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Catalysts and Catalysis

Introduction to Catalysts and Energy Diagrams

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A catalyst permits a different energy pathway for a chemical reaction.

A catalyst permits a different energy pathway for a chemical reaction which has a lower activation energy. The catalyst is not consumed in the chemical reaction.

Smokefoot, Wikipedia Commons
Learn what catalysts are and how they affect the activation energy and reaction rate of a chemical reaction.

Catalysts and Catalysis

A catalyst is a chemical substance that affects the rate of a chemical reaction by altering the activation energy required for the reaction to proceed. This is called catalysis. A catalyst is not consumed by the reaction and it may participate in multiple reactions at a time. The only difference between a catalyzed reaction and an uncatalyzed reaction is that the activation energy is different. There is no effect on the energy of the reactants or the products. The ΔH for the reactions is the same.

Positive and Negative Catalysts

Usually when someone refers to a catalyst, they mean a positive catalyst, which is a catalyst which speeds up the rate of a chemical reaction by lowering its activation energy. There are also negative catalysts or inhibitors, which slow the rate of a chemical reaction or make it less likely to occur.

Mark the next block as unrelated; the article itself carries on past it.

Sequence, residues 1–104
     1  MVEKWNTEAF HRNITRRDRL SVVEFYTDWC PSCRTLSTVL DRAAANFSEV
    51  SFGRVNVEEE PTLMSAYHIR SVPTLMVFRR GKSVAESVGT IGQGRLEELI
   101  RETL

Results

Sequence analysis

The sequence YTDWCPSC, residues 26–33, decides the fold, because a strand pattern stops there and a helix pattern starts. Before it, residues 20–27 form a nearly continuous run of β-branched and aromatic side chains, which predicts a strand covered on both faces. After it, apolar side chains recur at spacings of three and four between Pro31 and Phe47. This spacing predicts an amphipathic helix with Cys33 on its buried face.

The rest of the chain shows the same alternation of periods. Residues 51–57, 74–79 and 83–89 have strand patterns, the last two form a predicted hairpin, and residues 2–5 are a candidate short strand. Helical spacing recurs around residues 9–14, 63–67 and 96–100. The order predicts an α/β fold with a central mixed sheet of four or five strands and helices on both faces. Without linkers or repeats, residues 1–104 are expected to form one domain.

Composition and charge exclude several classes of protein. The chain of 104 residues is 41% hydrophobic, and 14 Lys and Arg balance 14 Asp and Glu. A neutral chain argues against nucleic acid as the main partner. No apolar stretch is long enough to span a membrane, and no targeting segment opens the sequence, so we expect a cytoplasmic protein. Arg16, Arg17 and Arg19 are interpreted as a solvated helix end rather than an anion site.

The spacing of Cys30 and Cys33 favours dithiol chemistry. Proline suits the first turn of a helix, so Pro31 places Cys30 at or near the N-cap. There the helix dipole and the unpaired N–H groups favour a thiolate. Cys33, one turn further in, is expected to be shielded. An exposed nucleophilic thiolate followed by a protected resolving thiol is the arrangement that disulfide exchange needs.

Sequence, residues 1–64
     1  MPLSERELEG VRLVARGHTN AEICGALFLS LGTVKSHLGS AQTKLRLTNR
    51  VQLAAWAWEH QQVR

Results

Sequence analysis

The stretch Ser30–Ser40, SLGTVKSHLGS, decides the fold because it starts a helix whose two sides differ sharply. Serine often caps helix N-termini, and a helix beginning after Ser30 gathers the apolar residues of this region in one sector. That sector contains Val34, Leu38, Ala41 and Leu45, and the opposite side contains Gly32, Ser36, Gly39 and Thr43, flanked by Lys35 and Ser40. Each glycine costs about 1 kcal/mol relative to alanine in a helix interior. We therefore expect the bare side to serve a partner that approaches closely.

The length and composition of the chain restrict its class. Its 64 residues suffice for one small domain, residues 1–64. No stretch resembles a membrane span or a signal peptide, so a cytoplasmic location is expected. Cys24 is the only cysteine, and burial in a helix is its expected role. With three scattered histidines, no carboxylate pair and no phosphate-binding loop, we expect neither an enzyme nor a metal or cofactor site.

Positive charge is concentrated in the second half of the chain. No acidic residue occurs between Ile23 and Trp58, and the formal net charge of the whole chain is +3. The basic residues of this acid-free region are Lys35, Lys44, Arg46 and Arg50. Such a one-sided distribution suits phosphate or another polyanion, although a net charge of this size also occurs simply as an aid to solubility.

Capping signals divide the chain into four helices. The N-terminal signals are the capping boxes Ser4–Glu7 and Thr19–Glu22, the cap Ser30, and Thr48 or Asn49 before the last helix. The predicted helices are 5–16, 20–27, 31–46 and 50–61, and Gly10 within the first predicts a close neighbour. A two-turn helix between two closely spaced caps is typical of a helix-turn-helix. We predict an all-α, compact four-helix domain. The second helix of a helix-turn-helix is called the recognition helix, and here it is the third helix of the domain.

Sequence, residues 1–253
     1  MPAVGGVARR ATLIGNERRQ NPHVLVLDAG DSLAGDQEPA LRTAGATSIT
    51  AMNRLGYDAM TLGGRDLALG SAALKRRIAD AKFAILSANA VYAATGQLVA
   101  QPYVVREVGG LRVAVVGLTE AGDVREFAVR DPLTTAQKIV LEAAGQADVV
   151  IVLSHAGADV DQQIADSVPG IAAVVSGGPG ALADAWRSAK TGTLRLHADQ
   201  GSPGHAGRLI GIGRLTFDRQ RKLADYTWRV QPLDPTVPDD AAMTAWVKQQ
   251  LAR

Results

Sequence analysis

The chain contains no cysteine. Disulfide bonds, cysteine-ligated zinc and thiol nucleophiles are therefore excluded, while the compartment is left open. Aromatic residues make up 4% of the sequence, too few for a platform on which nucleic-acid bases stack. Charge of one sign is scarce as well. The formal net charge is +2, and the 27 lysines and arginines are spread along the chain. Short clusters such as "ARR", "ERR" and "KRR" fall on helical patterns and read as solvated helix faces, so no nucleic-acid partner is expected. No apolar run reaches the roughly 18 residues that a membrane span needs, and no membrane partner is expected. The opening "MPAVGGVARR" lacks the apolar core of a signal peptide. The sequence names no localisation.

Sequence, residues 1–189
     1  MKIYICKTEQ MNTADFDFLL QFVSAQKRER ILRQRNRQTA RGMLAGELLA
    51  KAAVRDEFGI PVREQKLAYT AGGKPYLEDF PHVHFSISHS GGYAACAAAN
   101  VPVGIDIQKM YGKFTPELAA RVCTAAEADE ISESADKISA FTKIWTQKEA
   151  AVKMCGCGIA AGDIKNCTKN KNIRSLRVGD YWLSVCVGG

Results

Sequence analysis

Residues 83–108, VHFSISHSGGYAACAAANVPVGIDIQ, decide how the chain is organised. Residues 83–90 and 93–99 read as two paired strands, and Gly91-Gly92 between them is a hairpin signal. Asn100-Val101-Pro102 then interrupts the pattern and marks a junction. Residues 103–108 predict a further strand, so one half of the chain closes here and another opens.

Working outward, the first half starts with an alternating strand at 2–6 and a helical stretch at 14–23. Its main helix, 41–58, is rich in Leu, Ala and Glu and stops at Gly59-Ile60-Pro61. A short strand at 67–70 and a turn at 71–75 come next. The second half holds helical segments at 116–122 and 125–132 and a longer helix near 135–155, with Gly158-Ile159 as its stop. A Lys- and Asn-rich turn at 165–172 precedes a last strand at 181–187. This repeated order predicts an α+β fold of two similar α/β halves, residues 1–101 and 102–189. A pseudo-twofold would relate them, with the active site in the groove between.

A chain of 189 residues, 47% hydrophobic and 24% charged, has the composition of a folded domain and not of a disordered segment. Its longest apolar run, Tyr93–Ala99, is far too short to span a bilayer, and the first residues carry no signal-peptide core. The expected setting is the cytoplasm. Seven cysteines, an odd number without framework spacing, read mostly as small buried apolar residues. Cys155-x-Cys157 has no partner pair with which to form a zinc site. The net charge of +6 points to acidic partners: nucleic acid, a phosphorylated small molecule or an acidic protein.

Promoters and Catalytic Poisons

A promoter is a substance that increases the activity of catalyst. A catalytic poison is a substance that inactivates a catalyst.

How Catalysts Work

Catalysts permit an alternate mechanism for the reactants to become products, with a lower activation energy and different transition state. A catalyst may allow a reaction to proceed at a lower temperature or increase the reaction rate or selectivity. Catalysts often react with reactants to form intermediates that eventually yield the same reaction products and regenerate the catalyst. Note that the catalyst may be consumed during one of the intermediate steps, but it will be created again before the reaction is completed.

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